I do want to note that Carla makes the gnocchi herself. I didn’t have the opportunity to taste them this trip but I plan to soon.

A trip to Cibo needs to be given high priority on your list of restaurant visits. I suggest you call for reservations because the place was hopping! Let them know you read about them here at Dishing-it-Up Columbus!

One more thing; don’t forget to finish your dinner off with a glass of Sambuca (with three espresso beans). Carla will totally appreciate it and you will definitely be glad you did!

4740 Reed Road
Upper Arlington, OH 43220
Mon – Thur: 5-10pm
Fri & Sat: 5-11pm
Closed Sunday

Cibo on Urbanspoon

Monday, November 15, 2010

Dine Originals Week November 8-14, 2010 – Shoku

Well, Dine Originals Week is over and I only made it to one restaurant. I am absolutely ashamed of myself! But it just wasn’t happening. And I’m pretty sure you’ll forgive me. Especially when I tell you about the one that I did go to! It was my first time ever to Shoku ... and it rocked my world!

I was pretty certain that I was only going to make it to one place this round, so I wanted it to be somewhere I hadn’t been to before. My dining buddy Jane, and I checked out the lunch offerings and decided upon Shoku. They were offering 3 different lunches for $10 each. So off we went.

I have seen Shoku often when Bob and I go to Stauff’s (in Grandview) for coffee. And I have to tell you that while I knew where it was, I hadn’t really heard much about it. I am smitten! We walked in and I immediately loved the ambiance. It is modern but had a real “home” feel to it. We sat down and right away we were offered beverages. We both ordered hot tea. The green tea arrived piping hot and was absolutely delicious!

While we were perusing our lunch choices, I placed an order of the Tempura Green Beans for us to share. They were so good! I’ve had fried green beans before, but these were on a whole different level. The tempura batter was so light and crispy. The dipping sauce was just perfect. Yeah, these little guys were addicting. We finished off that platter before we knew it. We were left wanting more. However, our lunch was on its way and we were excited about that.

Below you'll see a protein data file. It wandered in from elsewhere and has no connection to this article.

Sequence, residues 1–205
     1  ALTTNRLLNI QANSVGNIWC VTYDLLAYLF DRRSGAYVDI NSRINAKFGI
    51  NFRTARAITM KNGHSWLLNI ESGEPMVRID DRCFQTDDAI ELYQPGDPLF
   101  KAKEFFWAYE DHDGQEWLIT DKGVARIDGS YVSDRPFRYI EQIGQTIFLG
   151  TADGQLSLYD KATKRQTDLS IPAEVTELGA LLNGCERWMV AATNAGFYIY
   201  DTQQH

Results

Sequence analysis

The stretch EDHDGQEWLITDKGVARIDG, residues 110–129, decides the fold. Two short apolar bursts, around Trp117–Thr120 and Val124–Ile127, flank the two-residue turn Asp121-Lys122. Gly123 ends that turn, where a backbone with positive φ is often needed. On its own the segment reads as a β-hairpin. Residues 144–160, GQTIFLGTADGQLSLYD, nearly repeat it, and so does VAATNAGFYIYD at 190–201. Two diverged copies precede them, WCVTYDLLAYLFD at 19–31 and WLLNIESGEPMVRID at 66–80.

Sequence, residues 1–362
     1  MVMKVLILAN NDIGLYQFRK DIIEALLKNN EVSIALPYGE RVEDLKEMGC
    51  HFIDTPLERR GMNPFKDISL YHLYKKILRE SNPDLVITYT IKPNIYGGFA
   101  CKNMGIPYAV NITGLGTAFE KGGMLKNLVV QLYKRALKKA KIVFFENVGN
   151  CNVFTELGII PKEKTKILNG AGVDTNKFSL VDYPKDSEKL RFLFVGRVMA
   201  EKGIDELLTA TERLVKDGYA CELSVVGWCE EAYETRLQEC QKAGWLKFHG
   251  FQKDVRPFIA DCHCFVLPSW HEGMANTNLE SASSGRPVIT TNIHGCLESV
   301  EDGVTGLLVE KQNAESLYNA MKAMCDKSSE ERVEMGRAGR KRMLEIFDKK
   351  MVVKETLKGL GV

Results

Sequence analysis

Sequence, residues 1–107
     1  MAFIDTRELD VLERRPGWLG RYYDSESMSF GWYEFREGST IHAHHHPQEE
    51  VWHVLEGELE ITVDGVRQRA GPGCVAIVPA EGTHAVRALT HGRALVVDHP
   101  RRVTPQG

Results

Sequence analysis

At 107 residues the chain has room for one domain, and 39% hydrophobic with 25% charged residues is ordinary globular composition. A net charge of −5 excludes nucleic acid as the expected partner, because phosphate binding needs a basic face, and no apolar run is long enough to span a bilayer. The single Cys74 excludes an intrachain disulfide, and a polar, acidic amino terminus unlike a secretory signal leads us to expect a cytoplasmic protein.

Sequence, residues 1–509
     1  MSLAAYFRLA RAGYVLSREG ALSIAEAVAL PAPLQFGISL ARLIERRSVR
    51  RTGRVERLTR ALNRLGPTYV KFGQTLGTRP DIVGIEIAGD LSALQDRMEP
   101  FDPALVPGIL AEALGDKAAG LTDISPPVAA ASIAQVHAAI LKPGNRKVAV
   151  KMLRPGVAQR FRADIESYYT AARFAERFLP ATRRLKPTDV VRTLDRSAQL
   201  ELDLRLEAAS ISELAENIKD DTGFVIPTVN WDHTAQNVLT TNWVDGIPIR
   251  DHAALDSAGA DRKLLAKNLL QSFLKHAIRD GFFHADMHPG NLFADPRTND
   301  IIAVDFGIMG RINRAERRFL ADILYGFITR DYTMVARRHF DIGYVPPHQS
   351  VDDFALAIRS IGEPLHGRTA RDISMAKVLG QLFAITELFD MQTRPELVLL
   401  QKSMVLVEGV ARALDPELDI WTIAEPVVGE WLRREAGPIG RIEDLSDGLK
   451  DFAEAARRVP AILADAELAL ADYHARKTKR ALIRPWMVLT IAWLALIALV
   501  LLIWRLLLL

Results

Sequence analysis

Jane chose the Tempura Shrimp Wrap. This was described as “Shrimp tempura rolled with rice and vegetables in spinach tortilla served with candied sweet potatoes and mixed vegetables”. It was gorgeous. The presentation was just beautiful. The candied sweet potato cubes were wonderful. There was a crunchy outside with a lovely sweetness, and inside was the creamy goodness of a good sweet potato. The vegetables consisted of broccoli and carrot strips and were topped with a few of the tempura green beans. The wrap was really good, too. The tempura shrimp was crunchy and it was accompanied by rice and strips of carrots and others veggies. The dipping sauce finished with just enough heat. This was a great dish.

However, the show stopper was my Shoku Salad. The description was, “A mixture of iceberg lettuce and spring mix; comes with a vegetable eggroll, Japanese noodles and an egg with choice of beef skewer, chicken skewer or grilled shrimp skewer. Served with carrot miso dressing”. The plate was stunning. It was magnificent. The riot of color on the plate just made me smile. The salad had the promised mix of iceberg and spring greens topped with strips of carrot, and white and purple cabbage. It was accompanied by a hardboiled egg. The eggroll had a sweet chili sauce for dipping and it was very tasty. I chose to go with the beef skewer because it seems I usually gravitate to shrimp and I wanted something different. Boy, am I glad I did. The beef was so tender and so moist and so yummy! I love noodles of any kind, and the little dish of noodles was no exception. What made this salad such a standout was the carrot and miso dressing. I am generally so-so about miso. But this dressing? Well, this dressing I could just drink, it was so good! I ended up pouring it on the noodles and dipping my beef into it. The gal serving us told me, “Mama makes it herself”. She inclined her head to a woman sitting at a back table wearing an apron and having her own lunch. I was just blown away by this dressing!